New Scienece DeanSteven Bachrach, Ph.D. was appointed as the new Dean of the School of Science at the University as of Aug. 1, and is most looking forward to increasing the opportunity for students to be engaged in research.

Previously, Bachrach had worked as the Assistant Vice-President for Special Projects at Trinity University in San Antonio, Texas. During his time there, he was also the Department of Chemistry Chair and a Chemistry Professor. He started teaching at Northern Illinois University.  

“This was a terrific opportunity for me. This Dean position is exactly the kind of opportunity and challenge I was looking for,” said Bachrach.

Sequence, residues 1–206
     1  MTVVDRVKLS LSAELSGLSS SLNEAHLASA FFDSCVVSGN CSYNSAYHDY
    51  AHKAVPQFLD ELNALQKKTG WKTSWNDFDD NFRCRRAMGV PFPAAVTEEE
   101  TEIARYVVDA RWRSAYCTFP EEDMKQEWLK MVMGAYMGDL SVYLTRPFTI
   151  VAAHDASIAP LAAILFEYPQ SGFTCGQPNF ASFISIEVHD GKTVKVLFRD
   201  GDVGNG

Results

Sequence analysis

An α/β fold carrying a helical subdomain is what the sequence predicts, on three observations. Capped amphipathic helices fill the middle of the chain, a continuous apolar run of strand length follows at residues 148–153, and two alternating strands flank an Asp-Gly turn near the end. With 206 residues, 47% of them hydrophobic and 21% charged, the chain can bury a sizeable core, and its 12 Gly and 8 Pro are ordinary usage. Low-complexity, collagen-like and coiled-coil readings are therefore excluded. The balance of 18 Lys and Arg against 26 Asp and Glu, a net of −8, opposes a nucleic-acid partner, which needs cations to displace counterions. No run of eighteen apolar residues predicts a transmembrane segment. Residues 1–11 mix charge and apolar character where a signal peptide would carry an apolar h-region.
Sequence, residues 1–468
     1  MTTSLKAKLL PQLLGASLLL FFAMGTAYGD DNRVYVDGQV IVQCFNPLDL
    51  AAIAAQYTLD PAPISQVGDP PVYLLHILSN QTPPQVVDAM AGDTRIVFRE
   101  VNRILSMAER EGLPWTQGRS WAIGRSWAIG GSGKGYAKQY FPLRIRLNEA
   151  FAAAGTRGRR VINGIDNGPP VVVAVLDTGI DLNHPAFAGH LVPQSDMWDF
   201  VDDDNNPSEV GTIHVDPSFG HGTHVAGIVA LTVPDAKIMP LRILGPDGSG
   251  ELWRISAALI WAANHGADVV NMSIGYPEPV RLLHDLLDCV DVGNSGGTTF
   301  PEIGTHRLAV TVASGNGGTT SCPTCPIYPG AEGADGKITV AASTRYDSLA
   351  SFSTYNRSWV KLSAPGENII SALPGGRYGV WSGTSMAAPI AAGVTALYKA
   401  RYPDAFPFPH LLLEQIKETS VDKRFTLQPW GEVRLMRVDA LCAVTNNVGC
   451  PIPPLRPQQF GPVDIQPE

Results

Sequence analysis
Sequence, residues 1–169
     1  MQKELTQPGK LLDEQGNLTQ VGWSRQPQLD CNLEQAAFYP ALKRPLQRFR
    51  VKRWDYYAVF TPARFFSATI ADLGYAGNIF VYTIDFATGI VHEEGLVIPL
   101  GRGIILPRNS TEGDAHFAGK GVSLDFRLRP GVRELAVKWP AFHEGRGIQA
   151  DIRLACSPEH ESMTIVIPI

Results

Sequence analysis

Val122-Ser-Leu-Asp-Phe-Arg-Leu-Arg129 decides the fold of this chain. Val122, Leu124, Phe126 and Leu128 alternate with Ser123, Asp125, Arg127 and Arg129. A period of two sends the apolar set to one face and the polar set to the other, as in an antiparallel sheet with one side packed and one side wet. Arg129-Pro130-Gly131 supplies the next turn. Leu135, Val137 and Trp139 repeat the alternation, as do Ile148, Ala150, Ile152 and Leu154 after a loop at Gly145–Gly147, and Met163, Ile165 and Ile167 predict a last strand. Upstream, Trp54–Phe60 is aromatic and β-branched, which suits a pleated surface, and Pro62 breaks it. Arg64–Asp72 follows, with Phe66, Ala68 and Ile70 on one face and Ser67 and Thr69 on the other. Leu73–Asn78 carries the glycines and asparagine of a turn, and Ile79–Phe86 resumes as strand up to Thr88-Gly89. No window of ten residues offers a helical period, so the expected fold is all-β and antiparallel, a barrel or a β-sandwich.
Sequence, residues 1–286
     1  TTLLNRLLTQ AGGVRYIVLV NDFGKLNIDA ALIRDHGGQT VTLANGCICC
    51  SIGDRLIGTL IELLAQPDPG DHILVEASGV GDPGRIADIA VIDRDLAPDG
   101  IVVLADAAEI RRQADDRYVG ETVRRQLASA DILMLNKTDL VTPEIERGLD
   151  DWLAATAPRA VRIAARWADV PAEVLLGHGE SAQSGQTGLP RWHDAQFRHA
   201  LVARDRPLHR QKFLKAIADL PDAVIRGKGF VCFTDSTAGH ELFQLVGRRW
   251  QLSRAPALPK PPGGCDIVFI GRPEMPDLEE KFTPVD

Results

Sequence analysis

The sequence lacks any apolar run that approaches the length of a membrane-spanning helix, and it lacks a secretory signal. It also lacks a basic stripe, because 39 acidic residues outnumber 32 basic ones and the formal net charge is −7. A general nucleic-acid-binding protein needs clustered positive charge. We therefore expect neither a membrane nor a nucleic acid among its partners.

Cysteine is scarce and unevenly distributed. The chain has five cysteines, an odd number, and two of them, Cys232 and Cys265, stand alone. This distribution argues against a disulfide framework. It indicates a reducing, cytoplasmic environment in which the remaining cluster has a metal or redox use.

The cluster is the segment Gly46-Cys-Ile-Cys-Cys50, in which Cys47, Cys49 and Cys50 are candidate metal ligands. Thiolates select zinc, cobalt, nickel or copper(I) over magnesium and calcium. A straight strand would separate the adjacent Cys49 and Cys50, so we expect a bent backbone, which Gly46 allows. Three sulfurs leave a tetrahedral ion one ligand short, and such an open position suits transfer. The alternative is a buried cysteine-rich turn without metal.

He said there is already much of this occurring at the University, including the ongoing summer research project, which has been in place for nine years now. “For me, the best way for students to learn science is to do science. That means discovery, which you see in the research environment,” the Dean pointed out.

“I haven’t actually met him or gotten to hear any of his ideas and policies but I have heard from many professors that he is very laid back and friendly,” said Kristen Jezycki, a senior marine bio student. 

According to Bachrach, a current weakness in the department is that they are presently short staffed and he would like to see more faculty.